Musings about communication in the 900 nanometer band...

Nan and Sandy Sanders esanders at
Sat Jul 8 15:21:06 CDT 2006

Look at lots of good info. Notice the part on how the
most sensitive receivers work better at very low data rates.
Note the diagrams on the first receiver construction page have a coding
error. Edit the URL for the gifs and replace %5C with / and you will be able
to see the diagrams.

----- Original Message -----
From: "Mike O'Dell" <mo at>
To: "Tacos" <tacos at>
Sent: Saturday, July 08, 2006 11:40 AM
Subject: Musings about communication in the 900 nanometer band...

> i read through several of the sections of the web site
> describing their experiments and they argue (pretty convincingly)
> that "AM will always win in weak-signal reception."
> however, the discussion of modulating the Luxeon took a somewhat
> narrow view of the problem.
> from my reading, the way to get the brightest light from a Luxeon-style
> is to drive it in pulse-mode driver - high current with very low duty
> the average optical power is equivalent but the peak power is much higher.
> (the electrical consumption can actually be lower in some cases.)
> it makes one wonder whether revisiting FM might not be worthwhile.
> simply FM the pulse rate with the audio. i believe off-the-shelf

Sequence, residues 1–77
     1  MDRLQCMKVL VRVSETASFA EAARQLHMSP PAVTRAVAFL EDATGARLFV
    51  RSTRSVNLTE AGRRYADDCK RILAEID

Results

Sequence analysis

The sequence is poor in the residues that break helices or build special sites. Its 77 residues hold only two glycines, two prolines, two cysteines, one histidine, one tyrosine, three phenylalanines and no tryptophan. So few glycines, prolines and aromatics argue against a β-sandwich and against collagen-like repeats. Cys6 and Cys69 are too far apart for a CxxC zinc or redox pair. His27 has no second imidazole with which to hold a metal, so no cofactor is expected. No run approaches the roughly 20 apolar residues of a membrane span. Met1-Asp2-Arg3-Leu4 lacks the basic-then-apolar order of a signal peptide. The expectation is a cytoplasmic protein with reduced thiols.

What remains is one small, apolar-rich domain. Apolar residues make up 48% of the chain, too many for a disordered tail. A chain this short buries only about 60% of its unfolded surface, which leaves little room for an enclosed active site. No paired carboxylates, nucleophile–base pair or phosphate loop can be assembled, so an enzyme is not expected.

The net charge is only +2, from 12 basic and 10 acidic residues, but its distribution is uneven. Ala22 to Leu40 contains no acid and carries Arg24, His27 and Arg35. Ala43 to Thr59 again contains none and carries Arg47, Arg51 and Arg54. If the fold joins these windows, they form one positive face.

> LED drivers (designed for this new generation of LEDs) run with
> 50-100KHz rep rates.  there's a limit to the deviation you'd
> want to run to keep the duty cycle (and hence device dissipation)
> under control, but i think that's workable although i haven't
> done the sums to compute the modulation index vs pulse rep-rate curve
> vs device dissipation curves.
> this also questions whether the limitations of an avalanche PIN diode
> detector would be as problematic.  when biased with relatively HV
> (80-100VDC) a PIN diode operates much like a photomultiplier, but
> it is very noisy, non-linear, and the response isn't terribly fast.
> however, the optical input is a narrow pulse so the PIN acts as
> a low-pass filter - it should smooth the pulse train into something
> much closer to a sinusoid at the pulse rep-rate fundamental.
> so treat the PIN as a source for a low-level FM carrier at the pulse
> amplify, bandpass filter at the center frequency, amplify to clipping
> (ie, a limiter stage) and then demod with a PLL to recover the audio.
> for the center frequencies of interest, the bandpass filter could be
> implemented as a state-variable filter with fast op-amps so the frequency
> and Q would be tunable to make it easier to experiment with the rep-rate.
> (and getting a state-variable filter to clip is not hard (grin) so you
> might subsume the limiter function in that stage as well.)
> this analysis is probably completely bogus because a PIN turns out to be
> way too slow or some of the other sums don't work out right when you
really do them.
> so i offer it as no more than an amusing speculation.
>      -mo
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